Dr W. David Hardy: Efforts Needed for President Trump's Plan to End HIV Epidemic in 10 Years

W. David Hardy, MD, adjunct professor of medicine, Johns Hopkins University, discusses the importance of identifying patients with undiagnosed HIV and preventing new infections for accomplishing President Trump's plan to end the HIV epidemic in 10 years.

W. David Hardy, MD, adjunct professor of medicine, Johns Hopkins University, discusses the importance of identifying patients with undiagnosed HIV and preventing new infections for accomplishing President Trump's plan to end the HIV epidemic in 10 years.

Transcript

During the State of the Union, President Trump announced the ambitious plan for ending the HIV epidemic in 10 years. What efforts are needed for this to be accomplished?

I’m glad you asked that question about the State of the Union address, because it was the entire reason I watched the address by President Trump last week. It was monumental that a president who has not had much interest in HIV actually said something very, very important. I think to really be clear about this, it’s important to state that while he said ending the epidemic, what we really are able to do and is going to be done, hopefully in the next 10 years, is stop new transmissions, meaning that we will decrease by 90% the number of new individuals who become HIV positive, which will be a huge step in the right direction.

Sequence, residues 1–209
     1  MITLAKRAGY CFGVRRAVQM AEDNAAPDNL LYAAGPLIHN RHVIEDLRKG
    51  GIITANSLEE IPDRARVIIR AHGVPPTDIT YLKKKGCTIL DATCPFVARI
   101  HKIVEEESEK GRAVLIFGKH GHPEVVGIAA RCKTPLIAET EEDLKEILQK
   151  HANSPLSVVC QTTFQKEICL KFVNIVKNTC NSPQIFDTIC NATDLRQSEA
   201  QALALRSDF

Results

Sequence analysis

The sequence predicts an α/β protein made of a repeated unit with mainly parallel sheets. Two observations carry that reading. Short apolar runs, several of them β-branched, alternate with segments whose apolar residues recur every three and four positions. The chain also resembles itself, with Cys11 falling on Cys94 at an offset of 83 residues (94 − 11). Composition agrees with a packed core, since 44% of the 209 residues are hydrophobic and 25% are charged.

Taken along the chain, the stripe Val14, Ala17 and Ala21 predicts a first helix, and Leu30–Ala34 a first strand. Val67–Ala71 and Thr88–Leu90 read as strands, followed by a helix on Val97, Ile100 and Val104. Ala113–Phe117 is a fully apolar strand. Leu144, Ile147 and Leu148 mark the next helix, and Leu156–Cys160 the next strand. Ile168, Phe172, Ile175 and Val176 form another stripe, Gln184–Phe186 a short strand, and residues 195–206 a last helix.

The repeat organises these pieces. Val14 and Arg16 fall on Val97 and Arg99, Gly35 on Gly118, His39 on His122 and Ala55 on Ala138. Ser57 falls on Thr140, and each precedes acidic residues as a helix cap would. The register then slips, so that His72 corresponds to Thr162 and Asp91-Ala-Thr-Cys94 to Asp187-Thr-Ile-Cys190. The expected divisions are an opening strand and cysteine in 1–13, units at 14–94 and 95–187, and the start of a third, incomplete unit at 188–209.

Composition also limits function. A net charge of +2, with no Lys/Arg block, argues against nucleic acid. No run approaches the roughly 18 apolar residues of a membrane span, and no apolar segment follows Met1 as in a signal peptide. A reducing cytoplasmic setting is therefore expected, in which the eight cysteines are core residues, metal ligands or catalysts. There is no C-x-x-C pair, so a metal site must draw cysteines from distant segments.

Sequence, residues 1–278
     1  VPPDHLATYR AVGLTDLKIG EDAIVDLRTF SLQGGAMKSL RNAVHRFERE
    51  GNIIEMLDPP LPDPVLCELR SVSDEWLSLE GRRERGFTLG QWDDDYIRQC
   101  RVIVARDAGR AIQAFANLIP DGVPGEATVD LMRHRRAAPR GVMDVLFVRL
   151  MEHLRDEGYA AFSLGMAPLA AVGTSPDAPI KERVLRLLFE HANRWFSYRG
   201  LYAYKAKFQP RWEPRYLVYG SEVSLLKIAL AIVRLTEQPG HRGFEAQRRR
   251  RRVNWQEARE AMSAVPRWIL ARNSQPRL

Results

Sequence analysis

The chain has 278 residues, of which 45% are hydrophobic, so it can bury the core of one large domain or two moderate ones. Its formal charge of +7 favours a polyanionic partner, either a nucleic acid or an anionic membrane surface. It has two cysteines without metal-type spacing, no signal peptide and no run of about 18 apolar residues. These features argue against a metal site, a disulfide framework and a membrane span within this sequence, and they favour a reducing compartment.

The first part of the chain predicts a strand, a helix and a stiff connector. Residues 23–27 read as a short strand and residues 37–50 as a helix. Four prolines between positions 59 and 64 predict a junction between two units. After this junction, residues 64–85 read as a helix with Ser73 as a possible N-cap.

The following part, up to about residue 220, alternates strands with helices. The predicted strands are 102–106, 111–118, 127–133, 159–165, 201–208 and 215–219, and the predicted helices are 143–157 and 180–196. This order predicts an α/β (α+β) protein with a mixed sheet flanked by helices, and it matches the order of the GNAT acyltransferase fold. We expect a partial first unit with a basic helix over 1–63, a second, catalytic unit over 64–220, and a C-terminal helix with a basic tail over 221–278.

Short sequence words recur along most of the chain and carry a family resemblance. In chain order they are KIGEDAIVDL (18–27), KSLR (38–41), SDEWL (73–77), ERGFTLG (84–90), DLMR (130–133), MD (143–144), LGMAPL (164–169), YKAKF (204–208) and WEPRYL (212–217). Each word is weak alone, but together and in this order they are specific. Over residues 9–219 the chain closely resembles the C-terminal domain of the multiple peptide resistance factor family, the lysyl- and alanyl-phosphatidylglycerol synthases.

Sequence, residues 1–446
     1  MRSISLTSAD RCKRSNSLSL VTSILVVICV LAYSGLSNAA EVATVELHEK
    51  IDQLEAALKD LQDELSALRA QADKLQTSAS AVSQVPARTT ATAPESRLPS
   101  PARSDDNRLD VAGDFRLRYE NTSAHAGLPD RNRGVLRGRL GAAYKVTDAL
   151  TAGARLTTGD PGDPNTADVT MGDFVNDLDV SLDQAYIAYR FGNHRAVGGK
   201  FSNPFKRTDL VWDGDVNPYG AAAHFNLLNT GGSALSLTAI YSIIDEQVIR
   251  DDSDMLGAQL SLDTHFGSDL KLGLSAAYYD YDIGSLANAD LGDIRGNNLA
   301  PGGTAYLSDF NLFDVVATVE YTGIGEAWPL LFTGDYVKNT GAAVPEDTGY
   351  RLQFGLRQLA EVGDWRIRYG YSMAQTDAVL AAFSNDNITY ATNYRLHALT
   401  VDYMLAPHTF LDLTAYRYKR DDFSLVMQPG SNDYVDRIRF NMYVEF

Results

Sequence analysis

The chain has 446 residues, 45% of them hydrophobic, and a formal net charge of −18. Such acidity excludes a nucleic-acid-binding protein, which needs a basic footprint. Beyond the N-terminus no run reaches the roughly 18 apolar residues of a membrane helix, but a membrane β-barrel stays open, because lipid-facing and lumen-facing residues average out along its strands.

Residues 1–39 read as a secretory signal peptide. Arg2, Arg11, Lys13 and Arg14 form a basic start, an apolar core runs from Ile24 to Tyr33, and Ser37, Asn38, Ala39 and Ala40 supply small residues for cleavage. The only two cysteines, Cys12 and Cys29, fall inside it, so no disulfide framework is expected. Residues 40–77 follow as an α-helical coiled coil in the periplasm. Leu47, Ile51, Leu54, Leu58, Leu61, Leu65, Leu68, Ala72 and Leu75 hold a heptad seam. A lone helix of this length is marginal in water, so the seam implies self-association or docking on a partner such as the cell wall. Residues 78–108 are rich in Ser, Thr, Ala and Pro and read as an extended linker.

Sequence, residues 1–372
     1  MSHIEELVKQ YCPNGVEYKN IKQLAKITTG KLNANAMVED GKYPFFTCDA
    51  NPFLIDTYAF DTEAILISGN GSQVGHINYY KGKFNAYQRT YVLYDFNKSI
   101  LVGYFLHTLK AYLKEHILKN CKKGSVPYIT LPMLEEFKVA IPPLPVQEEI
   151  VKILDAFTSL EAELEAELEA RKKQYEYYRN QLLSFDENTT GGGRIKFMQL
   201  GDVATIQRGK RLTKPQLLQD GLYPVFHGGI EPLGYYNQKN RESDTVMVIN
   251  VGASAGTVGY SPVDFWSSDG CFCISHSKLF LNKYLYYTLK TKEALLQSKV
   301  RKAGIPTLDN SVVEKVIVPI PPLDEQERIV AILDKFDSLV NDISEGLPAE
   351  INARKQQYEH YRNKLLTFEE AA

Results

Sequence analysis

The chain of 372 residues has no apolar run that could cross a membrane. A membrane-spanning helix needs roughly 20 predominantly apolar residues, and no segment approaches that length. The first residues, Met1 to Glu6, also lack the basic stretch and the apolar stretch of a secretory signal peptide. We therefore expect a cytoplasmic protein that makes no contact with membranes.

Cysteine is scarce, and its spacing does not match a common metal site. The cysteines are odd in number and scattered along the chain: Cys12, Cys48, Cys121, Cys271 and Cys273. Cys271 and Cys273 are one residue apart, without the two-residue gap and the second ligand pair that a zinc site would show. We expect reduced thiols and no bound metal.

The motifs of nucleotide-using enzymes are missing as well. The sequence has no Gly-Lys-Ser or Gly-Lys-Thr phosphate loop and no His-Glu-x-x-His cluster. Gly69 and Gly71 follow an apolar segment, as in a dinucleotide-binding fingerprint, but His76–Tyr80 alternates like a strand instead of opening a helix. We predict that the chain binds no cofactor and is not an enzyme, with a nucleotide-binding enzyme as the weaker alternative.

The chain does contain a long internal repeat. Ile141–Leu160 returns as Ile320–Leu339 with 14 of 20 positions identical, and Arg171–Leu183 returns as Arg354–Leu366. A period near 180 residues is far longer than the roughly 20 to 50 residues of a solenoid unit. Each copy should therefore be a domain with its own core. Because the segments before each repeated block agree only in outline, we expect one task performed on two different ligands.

The 2 tools we have for doing that are identification of people who are HIV positive and rapidly getting them on treatment to bring their viral load down. And as we talked about before, when U = U, transmission doesn’t occur, so we actually get a double benefit when we treat someone. They do better, they live longer, and they can’t transmit the virus. So that’s one thing we have to do—test more people, get them on medication, and keep them in medication for the long term.

The second tool we have is pre-exposure prophylaxis, or PrEP, and in that way, we can protect people who are HIV negative but who may engage in high-risk activities that make them more susceptible to HIV. We don’t have a vaccine at this point in time, we probably won’t have a vaccine for at least 10 more years, and so PrEP is really our best way to keep people uninfected. Those 2 tools used together—treatment as prevention and PrEP—are really what we’re going to have to make sure is really scaled up and rolled out and implemented so that we can really realize that 90% reduction in 10 years.